CFP: Activity Context Representation: Techniques and Languages. Two Day
Workshop at AAAI '12 (July 22-23, Toronto).
April 9th, 2012: Papers/proposals due to organizers
Organizers: Lokendra Shastri (Infosys), Henry Kautz (Rochester); James “Bo” Begole (Samsung - User Experience), Tim Finin (University of Maryland, Baltimore), Munindar P. Singh (NCSU, Raleigh)
Description: Pervasive context-aware computing technologies are essential enablers for next generation applications for the digital workplace, consumer electronics, research, education, government and health-care. Context-aware cognitive support requires activity and context information to be captured and, ever more often, moved across devices - securely, efficiently and with multi-device interoperability.
In this workshop we will explore task and context modeling issues of capture, representation, exchange, standardization and interoperability for creating context-aware and activity-based assistive cognition tools, including but not limited to the following (details available at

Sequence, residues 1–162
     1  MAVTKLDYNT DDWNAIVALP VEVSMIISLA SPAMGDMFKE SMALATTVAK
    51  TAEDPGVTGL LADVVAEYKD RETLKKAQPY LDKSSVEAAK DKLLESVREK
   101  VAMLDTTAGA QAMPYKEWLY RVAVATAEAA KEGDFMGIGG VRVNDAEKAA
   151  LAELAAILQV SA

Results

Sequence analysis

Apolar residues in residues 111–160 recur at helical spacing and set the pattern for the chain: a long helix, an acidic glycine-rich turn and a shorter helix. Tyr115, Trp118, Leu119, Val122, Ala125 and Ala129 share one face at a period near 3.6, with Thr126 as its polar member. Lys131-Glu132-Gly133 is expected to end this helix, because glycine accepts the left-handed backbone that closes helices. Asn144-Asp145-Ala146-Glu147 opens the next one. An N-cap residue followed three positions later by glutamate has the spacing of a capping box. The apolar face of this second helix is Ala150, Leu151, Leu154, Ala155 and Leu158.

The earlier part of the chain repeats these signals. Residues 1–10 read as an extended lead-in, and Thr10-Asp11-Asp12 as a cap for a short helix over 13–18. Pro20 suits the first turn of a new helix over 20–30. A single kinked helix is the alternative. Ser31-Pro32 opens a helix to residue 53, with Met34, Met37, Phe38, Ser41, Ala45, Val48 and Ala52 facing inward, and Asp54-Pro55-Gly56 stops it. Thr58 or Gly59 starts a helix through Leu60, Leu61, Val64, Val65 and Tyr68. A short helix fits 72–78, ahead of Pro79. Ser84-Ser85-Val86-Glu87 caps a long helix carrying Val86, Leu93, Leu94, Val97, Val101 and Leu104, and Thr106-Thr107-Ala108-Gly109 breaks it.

*Activity Modeling, Representation, Recognition, Detection, and Acquisition *Context Capture and Representation within Activities
*Semantic Activity Reasoning and Guidance
*Information integration and Exchange
*Use-cases/Scenarios, Architectures and Prerequisites
*Security and Privacy
The objectives and intended end results of the workshop are (please see details at http://activitycontext.org/about/intended-outcomes/):
1. Discuss and review/revise initial drafts of structure of potential Activity Context Representation and Exchange Languages
2. Explore fresh topics by discussing position papers/proposals building on key research focus areas.
3. Create and strengthen a core research group, identify new collaborations, and formalize an international academic and industrial consortium to significantly augment existing standards/drafts/proposals and create new research initiatives.
Format of workshop: This two day workshop will include keynotes to set the tone, invited comprehensive reviews of the field, new proposals, open panel focusing on key research issues and directions, discussion of proposals on new frameworks for synthesis of multiple/new approaches, and working group formation to investigate sub-areas during the year. There will be plenty of opportunity for questioning existing systems, creating research partnerships and identifying fresh research ideas.